Say hello to Halco
LAST YEAR Finweek raised questions about the non-disclosure of part of the ownership structure at container management group Trencor. At an AGM in May last year, several shareholders – including shareholder activist Theo Botha and asset manager Chris Logan – queried the structure used to house Trencor’s interests in New York Stock Exchange-listed operating subsidiary Textainer, one of the world’s biggest container management companies.
Trencor’s 2008 annual report showed the Jowell family controlling JSE-listed Mobile Industries held a 25% stake. Mobile, in turn, holds 46% of Trencor, which in turn holds 62,6% of Textainer.
The problem was that Botha had pinpointed the Mobile/Trencor/Textainer structure actually contained two further ownership tiers: Halco Trust and Halco Holdings Inc, which sat between Trencor and Textainer. Those tiers weren’t shown or alluded to in either the Trencor or Mobile annual reports. Botha gleaned the Halco structure from SEC filings.
Last year Finweek argued the existence of Halco – and the non-disclosure about that structure – would probably worry shareholders, especially parties who’d called for the dismantling of the Mobile control structure as a way to unlock value for shareholders.
Certainly, the uncovering of Halco might have reinforced notions there was a preoccupation about control over the main operating asset, Textainer. We also noted that, at the AGM, the directors of Mobile and Trencor weren’t terribly convincing in their explanation of the Halco structure (see “Who the hell is Halco?”; 25 June 2009).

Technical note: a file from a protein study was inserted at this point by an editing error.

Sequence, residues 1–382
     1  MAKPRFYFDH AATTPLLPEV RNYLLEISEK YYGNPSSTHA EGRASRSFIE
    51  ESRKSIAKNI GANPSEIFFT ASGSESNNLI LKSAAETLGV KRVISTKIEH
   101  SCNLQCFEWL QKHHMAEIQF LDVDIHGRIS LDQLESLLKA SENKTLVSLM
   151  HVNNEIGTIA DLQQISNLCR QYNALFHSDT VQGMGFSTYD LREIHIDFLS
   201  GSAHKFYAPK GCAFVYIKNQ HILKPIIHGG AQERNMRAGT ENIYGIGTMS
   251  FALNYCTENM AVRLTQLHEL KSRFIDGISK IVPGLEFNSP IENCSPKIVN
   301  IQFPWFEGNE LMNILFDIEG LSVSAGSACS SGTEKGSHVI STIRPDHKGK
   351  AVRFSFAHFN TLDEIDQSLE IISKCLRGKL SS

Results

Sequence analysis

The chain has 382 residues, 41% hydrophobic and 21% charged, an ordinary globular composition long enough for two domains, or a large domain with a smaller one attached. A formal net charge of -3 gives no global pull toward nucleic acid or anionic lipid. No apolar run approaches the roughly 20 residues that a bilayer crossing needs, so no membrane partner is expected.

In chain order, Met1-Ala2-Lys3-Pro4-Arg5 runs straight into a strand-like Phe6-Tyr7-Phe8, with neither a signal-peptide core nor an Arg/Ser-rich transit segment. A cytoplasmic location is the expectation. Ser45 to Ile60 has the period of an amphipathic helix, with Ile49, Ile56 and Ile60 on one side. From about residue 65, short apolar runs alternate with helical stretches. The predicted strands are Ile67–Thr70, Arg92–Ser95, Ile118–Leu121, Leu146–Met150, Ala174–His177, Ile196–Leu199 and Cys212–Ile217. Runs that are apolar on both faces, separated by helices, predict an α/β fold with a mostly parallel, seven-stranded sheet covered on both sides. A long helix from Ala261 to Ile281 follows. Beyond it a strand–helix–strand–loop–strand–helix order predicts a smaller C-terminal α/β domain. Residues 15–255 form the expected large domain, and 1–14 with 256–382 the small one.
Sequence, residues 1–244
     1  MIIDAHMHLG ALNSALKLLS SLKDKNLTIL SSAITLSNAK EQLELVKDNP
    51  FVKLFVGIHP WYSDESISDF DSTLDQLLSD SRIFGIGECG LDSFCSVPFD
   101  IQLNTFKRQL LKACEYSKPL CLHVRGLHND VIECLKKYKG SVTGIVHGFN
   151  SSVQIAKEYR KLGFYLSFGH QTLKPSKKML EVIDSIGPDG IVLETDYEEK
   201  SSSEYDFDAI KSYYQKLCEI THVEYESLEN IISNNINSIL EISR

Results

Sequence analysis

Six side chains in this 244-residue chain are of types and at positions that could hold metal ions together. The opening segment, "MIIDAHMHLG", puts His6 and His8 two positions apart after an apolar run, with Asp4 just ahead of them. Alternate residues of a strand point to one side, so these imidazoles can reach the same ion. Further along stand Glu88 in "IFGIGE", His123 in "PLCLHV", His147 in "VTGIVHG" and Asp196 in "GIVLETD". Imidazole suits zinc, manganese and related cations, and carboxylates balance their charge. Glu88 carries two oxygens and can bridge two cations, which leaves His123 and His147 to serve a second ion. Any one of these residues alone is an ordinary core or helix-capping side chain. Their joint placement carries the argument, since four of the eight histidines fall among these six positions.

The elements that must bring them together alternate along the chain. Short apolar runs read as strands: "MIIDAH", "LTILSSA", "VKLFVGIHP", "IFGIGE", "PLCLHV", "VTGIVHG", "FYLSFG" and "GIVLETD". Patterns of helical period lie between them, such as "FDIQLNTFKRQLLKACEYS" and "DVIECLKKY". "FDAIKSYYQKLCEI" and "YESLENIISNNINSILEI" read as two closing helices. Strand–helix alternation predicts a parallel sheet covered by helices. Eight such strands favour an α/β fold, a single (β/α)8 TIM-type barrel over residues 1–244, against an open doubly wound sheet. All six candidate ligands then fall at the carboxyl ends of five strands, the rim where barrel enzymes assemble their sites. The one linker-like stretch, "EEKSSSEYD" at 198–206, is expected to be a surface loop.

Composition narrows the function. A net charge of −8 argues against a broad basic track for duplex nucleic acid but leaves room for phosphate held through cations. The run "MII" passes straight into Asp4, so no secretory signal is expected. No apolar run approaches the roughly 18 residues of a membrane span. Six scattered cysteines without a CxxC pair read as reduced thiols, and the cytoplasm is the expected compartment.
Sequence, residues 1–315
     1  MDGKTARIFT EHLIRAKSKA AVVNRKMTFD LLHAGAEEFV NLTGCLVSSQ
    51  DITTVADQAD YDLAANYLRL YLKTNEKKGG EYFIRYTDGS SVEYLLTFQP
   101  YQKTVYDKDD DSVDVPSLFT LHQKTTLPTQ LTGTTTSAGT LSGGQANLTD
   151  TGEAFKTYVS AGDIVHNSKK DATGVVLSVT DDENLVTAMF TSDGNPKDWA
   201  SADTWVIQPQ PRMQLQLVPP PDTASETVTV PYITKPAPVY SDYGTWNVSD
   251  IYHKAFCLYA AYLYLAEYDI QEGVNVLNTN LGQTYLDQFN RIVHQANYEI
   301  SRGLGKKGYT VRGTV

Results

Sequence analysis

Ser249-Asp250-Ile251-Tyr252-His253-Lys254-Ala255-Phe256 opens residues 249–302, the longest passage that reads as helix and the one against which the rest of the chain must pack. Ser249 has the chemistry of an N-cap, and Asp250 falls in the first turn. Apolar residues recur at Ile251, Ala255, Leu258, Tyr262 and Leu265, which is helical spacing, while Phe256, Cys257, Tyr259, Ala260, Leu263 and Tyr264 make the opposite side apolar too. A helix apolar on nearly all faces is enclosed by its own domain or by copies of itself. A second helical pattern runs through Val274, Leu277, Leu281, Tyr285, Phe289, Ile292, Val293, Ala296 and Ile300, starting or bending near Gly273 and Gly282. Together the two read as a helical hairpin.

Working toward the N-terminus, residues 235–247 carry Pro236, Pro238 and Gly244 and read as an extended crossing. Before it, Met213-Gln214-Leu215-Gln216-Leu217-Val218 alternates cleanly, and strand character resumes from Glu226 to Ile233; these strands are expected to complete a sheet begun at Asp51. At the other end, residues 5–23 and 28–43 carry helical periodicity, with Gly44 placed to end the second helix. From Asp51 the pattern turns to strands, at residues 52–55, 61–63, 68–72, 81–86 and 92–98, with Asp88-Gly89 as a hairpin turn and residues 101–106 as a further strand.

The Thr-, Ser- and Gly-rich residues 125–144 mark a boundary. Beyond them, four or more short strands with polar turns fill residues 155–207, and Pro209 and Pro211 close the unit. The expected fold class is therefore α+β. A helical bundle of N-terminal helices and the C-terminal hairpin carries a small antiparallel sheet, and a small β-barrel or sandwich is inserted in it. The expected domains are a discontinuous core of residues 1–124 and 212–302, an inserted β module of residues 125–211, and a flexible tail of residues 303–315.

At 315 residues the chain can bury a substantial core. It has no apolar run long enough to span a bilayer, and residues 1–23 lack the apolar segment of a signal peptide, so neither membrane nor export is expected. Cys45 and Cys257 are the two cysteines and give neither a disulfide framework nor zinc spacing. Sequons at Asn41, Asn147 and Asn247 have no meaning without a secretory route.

So it will be with some relief to shareholders that the latest Trencor annual report makes a specific point of addressing the position of Halco. Though the Halco structure isn’t reflected in the group chart, at least directors this time confirmed (albeit in small print under the “interests in significant subsidiaries” table) that 62,3% of Textainer’s issued shares (at 31 December 2009) are owned by Halco Holdings Inc.
There are also some “geographic” disclosures. The report revealed Halco is incorporated in the British Virgin Islands and is wholly owned by the Halco Trust, a trust resident in Liechtenstein.
The way the structure works is that Trencor and certain of its wholly owned South African subsidiaries are the nominated beneficiaries of the Halco Trust. The “protectors” of the Halco Trust are Cecil Jowell, Neil Jowell, Jimmy McQueen, David Nurek and Edward Oblowitz (all directors of Trencor).
While the additional disclosure is encouraging, Finweek still wonders whether directors can justify the retention of the Halco structure – which harks back to the days of sanctions against SA.
Last year questions were raised about the current relevance of the structural legacy – especially since there’s already a pyramid control structure in place (via Mobile Industries). At that time, Trencor chairman Neil Jowell stressed Halco’s role in protecting the underlying asset – but he also suggested Halco held “trade secrets”, but declined to detail those.
With no further detail on Halco in the annual report, perhaps this year’s AGM (set for later this month) will yield more detail.
Hopefully, executive directors will be urged to make things a little less opaque about Halco, with Trencor having recently established a “governance committee” – headed by independent directors David Nurek and Roddy Sparks (the former Old Mutual SA CEO).